Global Regulatory Outlook 2020
The Regulatory Landscape Evolves
Every year, Duff & Phelps surveys key stakeholders from a wide range of global financial institutions on the current regulatory landscape.
UK Loses Out to U.S. as Preeminent Financial Sector
More than half in this year’s GRO survey (56%) say they consider New York to be the world’s preeminent financial sector, against just a third (34%) for the UK. That’s a stark turnaround from last year, when the respective figures were 42% and 53%. London has lost its crown.
It is difficult to avoid the suspicion that three years of uncertainty since the Brexit vote in the UK has contributed to this fall from grace. Of course, if this is the primary reason, then the resolution of the UK’s departure could see London bouncing back—and its government is likely to fight strongly for a sector that contributes about 7% of the UK economy’s output and £29 billion in tax revenues.
Trade talks with the EU are just beginning, however, the survey suggests a significant lack of optimism. When asked what city they expect to lead in the next five years, respondents see both London and New York losing ground. While the decline for New York is relatively modest, with half (50%) still expecting it to be the leader, confidence in the UK’s future is far weaker. Just 22% predict London will still be the major force in financial services at the end of the period.
If there is any consolation for London, it is that relatively few see Paris or Frankfurt making great gains. Rather, it is emerging centers in Hong Kong, Singapore and, particularly, Shanghai that are expected to see the major growth. That may worry the U.S. just as much as the UK.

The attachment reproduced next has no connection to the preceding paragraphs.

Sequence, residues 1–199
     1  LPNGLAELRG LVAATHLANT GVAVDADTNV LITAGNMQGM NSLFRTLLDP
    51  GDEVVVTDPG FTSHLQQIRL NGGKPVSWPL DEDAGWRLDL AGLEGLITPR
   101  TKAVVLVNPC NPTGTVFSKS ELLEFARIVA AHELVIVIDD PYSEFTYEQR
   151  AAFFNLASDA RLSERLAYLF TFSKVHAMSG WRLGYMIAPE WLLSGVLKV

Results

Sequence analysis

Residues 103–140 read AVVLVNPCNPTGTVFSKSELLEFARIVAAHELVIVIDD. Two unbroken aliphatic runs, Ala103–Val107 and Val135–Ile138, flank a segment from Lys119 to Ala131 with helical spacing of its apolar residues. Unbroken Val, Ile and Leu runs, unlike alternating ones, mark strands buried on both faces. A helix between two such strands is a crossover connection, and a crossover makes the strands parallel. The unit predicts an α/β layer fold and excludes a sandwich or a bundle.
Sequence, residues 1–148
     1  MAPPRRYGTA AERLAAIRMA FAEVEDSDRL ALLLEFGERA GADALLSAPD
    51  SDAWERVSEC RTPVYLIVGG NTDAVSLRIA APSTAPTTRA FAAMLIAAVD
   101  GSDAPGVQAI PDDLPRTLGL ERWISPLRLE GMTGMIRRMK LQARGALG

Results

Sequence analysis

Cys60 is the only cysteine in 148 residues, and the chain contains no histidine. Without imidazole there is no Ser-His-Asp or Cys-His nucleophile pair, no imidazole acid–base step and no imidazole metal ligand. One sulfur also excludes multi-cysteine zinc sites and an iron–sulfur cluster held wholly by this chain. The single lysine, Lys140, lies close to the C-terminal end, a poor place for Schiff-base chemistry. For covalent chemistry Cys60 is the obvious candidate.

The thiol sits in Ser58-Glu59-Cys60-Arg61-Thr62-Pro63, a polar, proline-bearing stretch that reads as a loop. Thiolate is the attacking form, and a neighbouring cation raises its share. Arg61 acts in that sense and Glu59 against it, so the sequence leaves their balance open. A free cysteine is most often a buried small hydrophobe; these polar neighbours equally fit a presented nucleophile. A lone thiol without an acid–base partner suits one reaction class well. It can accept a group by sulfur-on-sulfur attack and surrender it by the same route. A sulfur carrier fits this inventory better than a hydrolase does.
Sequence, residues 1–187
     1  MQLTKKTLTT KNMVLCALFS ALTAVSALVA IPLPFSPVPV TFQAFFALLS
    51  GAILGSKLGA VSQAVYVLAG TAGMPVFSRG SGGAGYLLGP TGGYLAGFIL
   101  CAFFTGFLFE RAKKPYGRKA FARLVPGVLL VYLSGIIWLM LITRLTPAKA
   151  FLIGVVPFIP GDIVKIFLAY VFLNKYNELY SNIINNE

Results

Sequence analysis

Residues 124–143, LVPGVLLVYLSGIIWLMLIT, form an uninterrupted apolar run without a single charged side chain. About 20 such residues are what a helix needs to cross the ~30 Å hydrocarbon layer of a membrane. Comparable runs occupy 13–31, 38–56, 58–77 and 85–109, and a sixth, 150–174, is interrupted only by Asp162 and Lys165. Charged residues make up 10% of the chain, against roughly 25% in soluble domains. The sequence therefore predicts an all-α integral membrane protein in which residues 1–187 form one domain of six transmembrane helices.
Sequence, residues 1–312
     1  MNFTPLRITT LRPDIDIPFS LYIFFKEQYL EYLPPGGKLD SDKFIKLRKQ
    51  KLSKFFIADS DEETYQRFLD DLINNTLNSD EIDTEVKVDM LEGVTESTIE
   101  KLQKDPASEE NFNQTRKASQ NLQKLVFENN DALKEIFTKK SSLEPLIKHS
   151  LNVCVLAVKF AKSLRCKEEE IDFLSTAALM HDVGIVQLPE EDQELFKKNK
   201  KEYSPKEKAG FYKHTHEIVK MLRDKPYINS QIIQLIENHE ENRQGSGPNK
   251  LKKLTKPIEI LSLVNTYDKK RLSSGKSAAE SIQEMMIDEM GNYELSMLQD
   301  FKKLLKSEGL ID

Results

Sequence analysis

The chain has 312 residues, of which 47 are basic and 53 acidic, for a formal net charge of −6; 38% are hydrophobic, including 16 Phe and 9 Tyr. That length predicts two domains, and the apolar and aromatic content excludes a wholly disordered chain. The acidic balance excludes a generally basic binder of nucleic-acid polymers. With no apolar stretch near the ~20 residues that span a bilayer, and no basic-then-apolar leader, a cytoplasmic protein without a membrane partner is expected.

Within Asia, Shanghai looks to have the brightest future, according to respondents. No one says it is the preeminent center today, but, looking five years ahead almost one in ten (9%) see it taking the lead. That’s well behind those who still think New York or London will dominate, but it’s well ahead of those naming Singapore (5%) or Hong Kong (4%). Of the latter two, it’s also worth noting that 18% say Singapore currently has the most favorable regulatory regime for financial services—well ahead of Hong Kong (11%).
Overall, it’s notable that close to one in five (18%) see and Asian jurisdiction leading the financial world in five years’ time.
The Costs of Compliance
This apparent enthusiasm requires explanation given the costs regulation has imposed on business. According to one estimate, U.S. banks’ expenses increased by more than $50 billion a year after the passage of Dodd-Frank, as a result of increased salary expenses as well as auditing, consulting and legal fees.1 And that is just one—albeit major—regulatory reform to come out of the financial crisis, and just one part of the financial services sector.